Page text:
Model with Imperfect Capital Mobility
Copeland – Chapter 6 7 Fixed Prices: The Mundell-Fleming
Model with Imperfect Capital Mobility
Copeland – Chapter 6 (cont) 8 Review Copeland – Chapters 1-6
(Week 1 to Week 7 materials)
9 Sticky Prices: The Dornbusch Model Copeland – Chapter 7 10 Sticky Prices: The Dornbusch Model Copeland – Chapter 7 (cont) 11 Sticky Prices: The Dornbusch Model Copeland – Chapter 7 (cont) 12 Currency Areas and Monetary union Copeland – Chapter 13
The University's policy on Assessment for Coursework Programs is based on the following four principles:
- Assessment must encourage and reinforce learning.
- Assessment must enable robust and fair judgements about student performance.
- Assessment practices must be fair and equitable to students and give them the opportunity to demonstrate what they have learned.
- Assessment must maintain academic standards.
Assessment SummaryStudents will be assessed based on the following:
Mid-semester Test 30% Group Assignment #1 10% Group Assignment #2 10% Final Exam 50%
Assessment Related Requirements
All marks received prior to the final examination are equated into your final grade only if they represent improvement over your final examination grade. For example, should you score 80/100 on the mid-term, 60/100 on your assignment #1, 100/100 on your assignment #2 and 70/100 on the final, your final grade would be credit at (0.30*80+0.10*60+0.10*100 +0.50*70=) 75/100. More will be explained about this throughout the semester. Since all marks received prior to the final examination are redeemable, you have nothing to lose and everything to gain by attending tutorials and doing your best on all of the assessments.
Should you miss either mid-semester examination for whatever reason, your final examination will be worth 30% more per missed mid-semester exam. You need not excuse yourself for your absence, as there will be no make-ups under any circumstances. This same policy applies to the assignment. Whatever you miss simply adds additional weight to the final.
NOTES ON ASSESSMENT
1. Legible hand-writing and the quality of English expression are considered to be integral parts of the assessment process. Marks cannot be awarded for handwriting that cannot be read.
2. Assessment marks prior to the final exam may be displayed on the course website through Myuni. Students are encouraged to check their marks and notify the lecturer-in-charge of any discrepancies.
It is each student's responsibility to read the examination timetable. Misreading the timetable is not accepted as grounds for granting a supplementary exam. University staff are not permitted to provide examination times to students over the telephone or in response to personal enquiries.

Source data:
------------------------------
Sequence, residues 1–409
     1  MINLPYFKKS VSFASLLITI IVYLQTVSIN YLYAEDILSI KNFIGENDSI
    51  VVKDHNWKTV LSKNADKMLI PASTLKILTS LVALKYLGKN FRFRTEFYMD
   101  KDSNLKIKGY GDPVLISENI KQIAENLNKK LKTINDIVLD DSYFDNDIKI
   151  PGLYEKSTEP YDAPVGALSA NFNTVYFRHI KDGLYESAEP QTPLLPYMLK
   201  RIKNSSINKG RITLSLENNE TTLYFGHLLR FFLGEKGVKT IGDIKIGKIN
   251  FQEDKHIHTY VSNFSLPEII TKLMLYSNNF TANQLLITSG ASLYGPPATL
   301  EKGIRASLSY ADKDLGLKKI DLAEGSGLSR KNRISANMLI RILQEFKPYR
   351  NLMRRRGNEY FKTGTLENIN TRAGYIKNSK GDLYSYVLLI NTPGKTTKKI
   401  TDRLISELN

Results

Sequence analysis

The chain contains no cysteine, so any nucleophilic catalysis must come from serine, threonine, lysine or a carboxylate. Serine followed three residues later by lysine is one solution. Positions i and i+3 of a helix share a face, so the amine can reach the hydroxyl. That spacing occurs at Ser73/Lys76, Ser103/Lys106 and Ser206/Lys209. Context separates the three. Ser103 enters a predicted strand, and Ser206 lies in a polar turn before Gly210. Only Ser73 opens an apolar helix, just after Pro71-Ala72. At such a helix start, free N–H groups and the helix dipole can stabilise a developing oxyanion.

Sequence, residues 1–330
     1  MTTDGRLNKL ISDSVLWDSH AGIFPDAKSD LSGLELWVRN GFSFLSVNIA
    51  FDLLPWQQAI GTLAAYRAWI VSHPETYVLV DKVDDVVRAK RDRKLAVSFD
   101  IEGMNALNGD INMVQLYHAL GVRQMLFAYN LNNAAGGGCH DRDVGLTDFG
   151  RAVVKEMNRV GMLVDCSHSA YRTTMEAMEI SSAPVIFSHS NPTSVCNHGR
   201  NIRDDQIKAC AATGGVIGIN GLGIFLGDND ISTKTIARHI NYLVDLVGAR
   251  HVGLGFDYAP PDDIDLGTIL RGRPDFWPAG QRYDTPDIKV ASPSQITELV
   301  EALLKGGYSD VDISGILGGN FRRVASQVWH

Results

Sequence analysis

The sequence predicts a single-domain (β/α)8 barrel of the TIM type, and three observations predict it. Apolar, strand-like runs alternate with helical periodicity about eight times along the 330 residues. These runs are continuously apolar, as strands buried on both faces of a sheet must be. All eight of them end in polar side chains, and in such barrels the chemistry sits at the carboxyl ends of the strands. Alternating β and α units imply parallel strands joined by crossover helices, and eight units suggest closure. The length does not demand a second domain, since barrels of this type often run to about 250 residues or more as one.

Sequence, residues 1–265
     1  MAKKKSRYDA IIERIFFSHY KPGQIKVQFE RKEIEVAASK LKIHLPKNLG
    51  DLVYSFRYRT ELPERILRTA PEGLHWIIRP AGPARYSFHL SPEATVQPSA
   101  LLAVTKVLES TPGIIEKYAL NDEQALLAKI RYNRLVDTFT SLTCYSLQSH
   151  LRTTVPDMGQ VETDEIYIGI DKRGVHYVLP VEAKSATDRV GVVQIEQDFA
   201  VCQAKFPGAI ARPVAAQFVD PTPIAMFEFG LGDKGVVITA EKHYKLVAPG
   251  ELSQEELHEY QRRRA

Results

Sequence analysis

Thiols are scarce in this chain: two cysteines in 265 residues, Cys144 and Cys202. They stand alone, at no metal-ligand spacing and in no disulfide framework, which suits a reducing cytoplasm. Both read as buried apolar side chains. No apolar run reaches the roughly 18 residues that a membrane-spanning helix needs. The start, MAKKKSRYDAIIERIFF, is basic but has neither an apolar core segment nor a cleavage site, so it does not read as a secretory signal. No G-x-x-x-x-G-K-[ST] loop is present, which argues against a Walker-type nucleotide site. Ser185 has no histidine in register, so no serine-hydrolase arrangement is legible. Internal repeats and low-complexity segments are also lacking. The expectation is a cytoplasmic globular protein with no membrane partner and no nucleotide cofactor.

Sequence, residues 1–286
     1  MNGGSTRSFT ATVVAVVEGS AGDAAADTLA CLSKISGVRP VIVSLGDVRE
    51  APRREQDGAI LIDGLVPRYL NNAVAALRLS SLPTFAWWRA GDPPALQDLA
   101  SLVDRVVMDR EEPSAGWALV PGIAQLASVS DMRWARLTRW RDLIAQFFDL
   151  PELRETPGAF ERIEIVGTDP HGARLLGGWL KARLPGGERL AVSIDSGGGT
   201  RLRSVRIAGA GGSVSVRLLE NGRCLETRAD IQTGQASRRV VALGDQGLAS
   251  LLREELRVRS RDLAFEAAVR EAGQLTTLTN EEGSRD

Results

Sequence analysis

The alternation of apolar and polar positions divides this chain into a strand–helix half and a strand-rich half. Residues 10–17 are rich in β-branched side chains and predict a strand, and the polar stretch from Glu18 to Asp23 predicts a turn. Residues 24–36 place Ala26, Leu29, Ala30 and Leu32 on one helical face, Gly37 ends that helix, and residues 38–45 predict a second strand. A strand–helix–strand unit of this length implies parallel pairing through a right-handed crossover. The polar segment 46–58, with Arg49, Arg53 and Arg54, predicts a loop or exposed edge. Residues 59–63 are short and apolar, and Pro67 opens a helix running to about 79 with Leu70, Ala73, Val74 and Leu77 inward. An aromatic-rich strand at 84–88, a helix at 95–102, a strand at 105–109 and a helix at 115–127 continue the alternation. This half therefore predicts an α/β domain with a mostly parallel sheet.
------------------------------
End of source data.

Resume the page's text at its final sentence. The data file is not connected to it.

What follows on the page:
Students may NOT take into the examination a DICTIONARY (English or English-Foreign)
Students may NOT take a CALCULATOR.
Assignments are to be submitted via the Professions Undergraduate Hub on Ground Level of Nexus 10.
Assignments will generally be returned during tutorials/lectures the week following submission.
Students must not submit work for an assignment that has previously been submitted for this course or any other course without prior approval from the lecturer-in-charge.
Grades for your performance in this course will be awarded in accordance with the following scheme:
M10 (Coursework Mark Scheme) Grade Mark Description FNS Fail No Submission F 1-49 Fail P 50-64 Pass C 65-74 Credit D 75-84 Distinction HD 85-100 High Distinction CN Continuing NFE No Formal Examination RP Result Pending
Further details of the grades/results can be obtained from Examinations.
Grade Descriptors are available which provide a general guide to the standard of work that is expected at each grade level. More information at Assessment for Coursework Programs.
Final results for this course will be made available through Access Adelaide.
The University places a high priority on approaches to learning and teaching that enhance the student experience. Feedback is sought from students in a variety of ways including on-going engagement with staff, the use of online discussion boards and the use of Student Experience of Learning and Teaching (SELT) surveys as well as GOS surveys and Program reviews.
SELTs are an important source of information to inform individual teaching practice, decisions about teaching duties, and course and program curriculum design. They enable the University to assess how effectively its learning environments and teaching practices facilitate student engagement and learning outcomes. Under the current SELT Policy (http://www.adelaide.edu.au/policies/101/) course SELTs are mandated and must be conducted at the conclusion of each term/semester/trimester for every course offering. Feedback on issues raised through course SELT surveys is made available to enrolled students through various resources (e.g. MyUni). In addition aggregated course SELT data is available.